Child Neuropsychology. Clinical Practice by John E. Obrzut and George W. Hynd (Eds.)

By John E. Obrzut and George W. Hynd (Eds.)

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Moore, 1971). Although the child neuropsychologist should be familiar with the various types of voice disorders, this category of speech problems in and of itself has minimal implications for a child's learning. The third category of speech problems is speech dysfluency. Speech dysfluency refers to any behavior, such as repetitions or prolongation of sounds, syllables, or words, that disrupts the rhythm and flow of speech. Abnormally long pauses, or blocks, also are included as contributing to speech dysfluency.

1983). An analysis of learning and attentional processes in mentally handicapped individuals. Internationaljournal of Rehabilitative Research, 6, 369-370. American Psychiatric Association. (1980). ). Washington, DC: Author. , Feyer, A. , & Neilson, M. (1983). Stuttering: A review of research findings and theories circa 1982. Journal of Speech and Hearing Disorders, 48, 226-246. , Quinn, P. , & Sorby, W. A. (1972). Stuttering: An investigation into cerebral dominance for speech. Journal of Neurology, Neurosurgery, and Psychiatry, 35, 414-418.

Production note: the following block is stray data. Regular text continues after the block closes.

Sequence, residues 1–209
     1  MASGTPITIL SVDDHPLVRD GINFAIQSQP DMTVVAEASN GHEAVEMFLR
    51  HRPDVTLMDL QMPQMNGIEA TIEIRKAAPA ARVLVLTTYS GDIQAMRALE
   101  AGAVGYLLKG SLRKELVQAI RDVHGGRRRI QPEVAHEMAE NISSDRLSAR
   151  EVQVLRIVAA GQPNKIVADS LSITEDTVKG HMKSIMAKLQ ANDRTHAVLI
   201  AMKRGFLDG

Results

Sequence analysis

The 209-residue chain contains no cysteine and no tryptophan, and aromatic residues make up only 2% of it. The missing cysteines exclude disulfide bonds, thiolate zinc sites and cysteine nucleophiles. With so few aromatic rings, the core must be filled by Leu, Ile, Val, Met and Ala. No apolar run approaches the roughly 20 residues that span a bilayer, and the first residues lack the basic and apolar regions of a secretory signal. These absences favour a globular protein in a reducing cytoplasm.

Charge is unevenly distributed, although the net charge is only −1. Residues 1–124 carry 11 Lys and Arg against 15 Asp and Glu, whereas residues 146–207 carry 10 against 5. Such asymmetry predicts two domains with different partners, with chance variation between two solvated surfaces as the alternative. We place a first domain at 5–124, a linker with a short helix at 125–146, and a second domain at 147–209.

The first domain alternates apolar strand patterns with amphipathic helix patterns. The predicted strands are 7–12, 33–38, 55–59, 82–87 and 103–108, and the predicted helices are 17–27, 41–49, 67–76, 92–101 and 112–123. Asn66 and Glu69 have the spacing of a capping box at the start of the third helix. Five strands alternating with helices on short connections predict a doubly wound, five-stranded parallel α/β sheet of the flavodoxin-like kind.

Boyd This definition widens the scope of the learning-disability concept. Specifically, the definition acknowledges the heterogeneous nature of learning disabilities and opens the door for subtype analysis for this group of disorders. Further, placing the term within a neurological framework implicates the need for neuropsychological investigation of this population, not to mention a greater need for practitioners working with learningdisabled children to have at least a basic working knowledge of CNS functioning.

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